Up to now, the work of Toronto songwriter Tamara Lindeman was easily identifiable as folk—fingerpicked guitars and banjos accompanied by sweetly sung vocals, delivered with a lo-fi aesthetic that began to develop into something more on the band’s self-titled fourth album in late 2017. That record saw Lindeman beginning to explore a fuller sound with the rotating cast of backing members she has employed since The Weather Station quietly arrived in 2006, and yet it couldn’t have prepared audiences for Ignorance. With its full blown orchestration and sprawling rock band, this is as hi-fi as it gets—and Lindeman has never sounded so at home, conducting a veritable symphony of disco, pop, and stadium-ready rock in a superstar turn.
“I used to be an actor, now I’m a performer”
From the earliest moments of Ignorance, it’s clear to see that this record is not only a reinvention of The Weather Station sonically but also its protagonist and star performer. ‘Robber’ bursts into life with melodic tension as saxophone, strings and percussion swell while Lindeman’s vocals soar above the music like never before, a newfound power entrenched deep within the thirty-six-year-old’s voice that carries into the piano laden power pop of ‘Atlantic’ and radio rock single ‘Tried to Tell You’ on a spellbinding opening trio.
Lindeman takes to the stage here like never before, dazzling with an unmistakable showmanship and delivering a lyrical masterclass as she contrasts moments of introspection and self analysis with fierce social commentary, casually mixing in gorgeous offhand observations of the beauty in the world around her while mourning its inevitable demise.
“Well everybody’s talking
And I know its important and I
Should pay attention”
Climate change anxiety as a theme for an album isn’t likely to be one that would sell most audiences, especially in a year where perhaps most already feel like they have enough to worry about with the current state of the world. Yet Lindeman manages to deliver a poignant, piercing study on the environmental crisis with a personal narrative that’s both arresting and refreshing, giving pause and allowing listeners to consider these topics on a level they may not have related to until now.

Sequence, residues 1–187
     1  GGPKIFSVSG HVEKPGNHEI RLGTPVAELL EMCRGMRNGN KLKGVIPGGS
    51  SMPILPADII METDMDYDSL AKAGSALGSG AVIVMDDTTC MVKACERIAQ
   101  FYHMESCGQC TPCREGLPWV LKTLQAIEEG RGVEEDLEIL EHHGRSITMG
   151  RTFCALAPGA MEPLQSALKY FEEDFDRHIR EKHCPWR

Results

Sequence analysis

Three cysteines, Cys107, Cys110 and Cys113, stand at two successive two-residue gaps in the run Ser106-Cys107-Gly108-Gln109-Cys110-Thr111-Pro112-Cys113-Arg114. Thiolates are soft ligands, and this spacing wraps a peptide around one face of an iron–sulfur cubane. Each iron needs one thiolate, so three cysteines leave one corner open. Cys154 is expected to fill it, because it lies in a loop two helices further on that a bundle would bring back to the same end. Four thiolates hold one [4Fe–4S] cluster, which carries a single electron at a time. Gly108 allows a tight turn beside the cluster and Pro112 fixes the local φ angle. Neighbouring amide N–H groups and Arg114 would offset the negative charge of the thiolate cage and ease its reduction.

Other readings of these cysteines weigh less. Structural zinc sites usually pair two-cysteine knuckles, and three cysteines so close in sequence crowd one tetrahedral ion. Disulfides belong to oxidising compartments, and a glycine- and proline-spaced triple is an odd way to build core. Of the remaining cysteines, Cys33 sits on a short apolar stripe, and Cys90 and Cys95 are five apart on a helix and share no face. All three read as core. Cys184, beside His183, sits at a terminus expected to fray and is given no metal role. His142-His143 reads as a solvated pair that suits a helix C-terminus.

“Thinking I should get all this dying off of my mind
I should really know better than to read the headlines”
Crucially, the band leader avoids the easy pitfalls of condescending or lecturing takes, instead emitting a sense of grief tinged with wary optimism as she cherishes the natural world while effusing a feeling of sorrow that never feels overwrought or disingenuous. The emotional depth of these essays is no more affecting than on the outstanding ‘Parking Lot’, a celebration of the natural world that finds Lindeman simply studying a bird above the city traffic with a level of poetic majesty befitting the bombastic, stirring groove laid down by band and string section on the album’s finest moment.
“Is it alright if I don’t wanna sing tonight?
I know you are tired of seeing tears in my eyes
But everywhere we go there is an outside
Over all of these ceilings hangs a sky”
Truly, Lindeman’s lyrics are lifted at all times by her musicians—whether it be the straight up disco-pop hooks of ‘Separated’ and ‘Heart’, or the tender arrangements of piano ballads ‘Wear’, ‘Trust’, and closer ‘Subdivisions’, with the jazzy finesse of their rhythm sections. This is a rich band performance that matches the complexity of their songwriter’s discourse all the way through its sublime forty minute runtime.
“Of all the many things that you may ask of me
Don’t ask me for indifference
Don’t come to me for distance”
On Ignorance, The Weather Station boldly execute their vision for the world and themselves by delivering a work of considerable artistry and stunning depth, executed with the kind of spectacular delivery merited by a message of great significance. It’s a transformative moment for Tamara Lindeman and our privilege to witness it.